With all the talk about the billions of dollars in “austerity cuts” to Georgia’s public schools, you could be forgiven for thinking our students’ academic performance must have suffered. But you would be wrong.
In fact, Georgia’s performance has been improving steadily, even for students from low-income families.
Those gains are documented well in a new report by the Georgia Public Policy Foundation. The free-market think tank examined scores on the National Assessment of Educational Progress, considered the “nation’s report card” and the gold standard for state-to-state comparisons, in 2013 (the latest data available) and in 2003 (the earliest year for which information is available for all states). As it happens, the 2003 school year was also the last time the state’s budget was totally set by Democrats, before all those austerity cuts under Republicans. Here’s a visual representation of the results from GPPF:
In 2003, by each measure Georgia’s students scored in the bottom half of states and, not surprisingly, outscored very few states. By 2013, the only measure by which they remained in the bottom half were math scores for low-income children — but even on those tests, Georgia’s students made strides. And on the reading tests, Georgia’s low-income children made very big gains.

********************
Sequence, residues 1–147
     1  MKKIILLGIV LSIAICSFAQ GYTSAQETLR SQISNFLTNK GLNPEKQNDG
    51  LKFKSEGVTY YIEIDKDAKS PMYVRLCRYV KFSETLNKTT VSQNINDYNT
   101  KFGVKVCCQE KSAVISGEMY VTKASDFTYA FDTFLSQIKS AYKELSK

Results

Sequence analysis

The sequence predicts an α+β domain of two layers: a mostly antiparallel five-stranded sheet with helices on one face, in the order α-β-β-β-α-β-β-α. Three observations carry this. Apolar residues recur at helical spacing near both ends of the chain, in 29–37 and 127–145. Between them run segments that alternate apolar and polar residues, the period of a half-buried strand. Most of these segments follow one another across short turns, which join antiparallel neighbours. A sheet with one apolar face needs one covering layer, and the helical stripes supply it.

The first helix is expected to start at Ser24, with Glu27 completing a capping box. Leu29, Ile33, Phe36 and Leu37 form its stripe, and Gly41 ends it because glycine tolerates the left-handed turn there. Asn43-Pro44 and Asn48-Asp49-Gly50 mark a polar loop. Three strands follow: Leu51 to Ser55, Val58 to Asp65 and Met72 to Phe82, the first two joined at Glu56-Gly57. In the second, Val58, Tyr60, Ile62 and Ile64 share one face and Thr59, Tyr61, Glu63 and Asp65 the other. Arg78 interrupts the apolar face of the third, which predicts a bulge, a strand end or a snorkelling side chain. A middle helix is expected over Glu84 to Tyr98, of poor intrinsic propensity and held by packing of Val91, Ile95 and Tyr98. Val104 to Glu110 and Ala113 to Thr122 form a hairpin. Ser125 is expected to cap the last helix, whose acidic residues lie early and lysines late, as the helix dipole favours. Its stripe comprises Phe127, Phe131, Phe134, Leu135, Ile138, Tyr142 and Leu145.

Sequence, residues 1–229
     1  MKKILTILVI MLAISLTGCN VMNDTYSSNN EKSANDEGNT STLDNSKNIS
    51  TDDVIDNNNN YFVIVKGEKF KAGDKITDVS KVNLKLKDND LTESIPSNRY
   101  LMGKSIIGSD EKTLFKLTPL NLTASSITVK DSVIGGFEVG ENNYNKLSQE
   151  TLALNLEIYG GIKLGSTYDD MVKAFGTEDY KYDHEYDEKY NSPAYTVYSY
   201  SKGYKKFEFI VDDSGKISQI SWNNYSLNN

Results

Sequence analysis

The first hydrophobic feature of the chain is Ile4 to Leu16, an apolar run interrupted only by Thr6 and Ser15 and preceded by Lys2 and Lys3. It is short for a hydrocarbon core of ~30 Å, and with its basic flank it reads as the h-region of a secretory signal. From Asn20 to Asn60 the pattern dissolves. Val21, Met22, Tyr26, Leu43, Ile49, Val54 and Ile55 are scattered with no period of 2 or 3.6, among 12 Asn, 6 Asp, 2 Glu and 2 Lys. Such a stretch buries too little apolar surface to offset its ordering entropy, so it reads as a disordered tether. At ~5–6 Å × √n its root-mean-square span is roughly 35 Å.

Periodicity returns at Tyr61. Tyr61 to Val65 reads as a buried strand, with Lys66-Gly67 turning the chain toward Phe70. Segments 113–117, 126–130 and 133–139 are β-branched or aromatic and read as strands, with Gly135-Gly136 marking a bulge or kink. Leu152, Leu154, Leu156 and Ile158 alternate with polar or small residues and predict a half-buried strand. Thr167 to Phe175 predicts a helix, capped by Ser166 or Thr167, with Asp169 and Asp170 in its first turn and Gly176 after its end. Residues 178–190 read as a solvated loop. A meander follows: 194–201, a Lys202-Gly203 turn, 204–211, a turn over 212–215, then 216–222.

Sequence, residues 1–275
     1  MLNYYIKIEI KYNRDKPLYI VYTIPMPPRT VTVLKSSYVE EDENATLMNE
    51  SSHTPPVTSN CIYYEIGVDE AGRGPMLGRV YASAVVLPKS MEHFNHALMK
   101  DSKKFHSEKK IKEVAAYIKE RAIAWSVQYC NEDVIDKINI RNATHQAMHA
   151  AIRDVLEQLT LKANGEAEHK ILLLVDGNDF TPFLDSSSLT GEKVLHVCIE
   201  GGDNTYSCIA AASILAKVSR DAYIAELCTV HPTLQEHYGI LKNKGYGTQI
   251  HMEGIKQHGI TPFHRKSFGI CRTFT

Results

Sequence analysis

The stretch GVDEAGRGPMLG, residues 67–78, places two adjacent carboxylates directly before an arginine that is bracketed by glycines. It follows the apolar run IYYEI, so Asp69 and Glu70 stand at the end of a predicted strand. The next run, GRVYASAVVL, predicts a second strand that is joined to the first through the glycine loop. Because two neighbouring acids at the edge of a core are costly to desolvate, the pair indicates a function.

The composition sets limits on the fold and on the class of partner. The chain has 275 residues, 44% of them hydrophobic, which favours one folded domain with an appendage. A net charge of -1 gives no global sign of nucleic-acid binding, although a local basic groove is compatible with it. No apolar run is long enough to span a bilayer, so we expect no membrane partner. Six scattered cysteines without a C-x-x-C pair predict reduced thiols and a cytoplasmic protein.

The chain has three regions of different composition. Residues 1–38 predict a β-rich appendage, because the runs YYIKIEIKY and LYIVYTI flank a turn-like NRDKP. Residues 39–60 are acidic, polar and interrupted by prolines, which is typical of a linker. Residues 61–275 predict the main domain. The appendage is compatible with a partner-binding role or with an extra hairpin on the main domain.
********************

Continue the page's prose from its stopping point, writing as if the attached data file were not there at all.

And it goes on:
But back to the issue of money. Here’s what GPPF found when it looked for states that, like Georgia, have poverty rates above the national average but which also scored better than Georgia on these tests:
“This gives us six states: Delaware, Florida, North Carolina, Oregon, Texas and Utah.
“The spending per pupil (adjusted for cost of living differences) for these states are:
North Carolina $9,160
“Other than Delaware, these states have three things in common: 1) They have similar poverty rates to Georgia (all are above the national average), 2) they are spending less money per student than Georgia (adjusted for cost of living) and 3) they have significantly outperformed Georgia students in at least one area.
“For comparison, Georgia has more than 1.6 million students, so every dollar change in per student spending is equivalent to more than $1.6 million.”
The comparisons to Florida, North Carolina and Texas are particularly telling. The closest of those three to our spending is North Carolina, and the difference between our spending — using that $1.6 million per $1 in per-pupil spending — comes out to more than $1.1 billion. That’s $1.1 billion more that we’re spending compared to them, to lesser effect.
There’s a lot of data to play around with on GPPF’s site, so feel free to take a look and report back your findings. But the data seem to point to a couple of conclusions: We’re doing better than you might have thought when we compare like students to like students, and more money doesn’t seem to be the answer.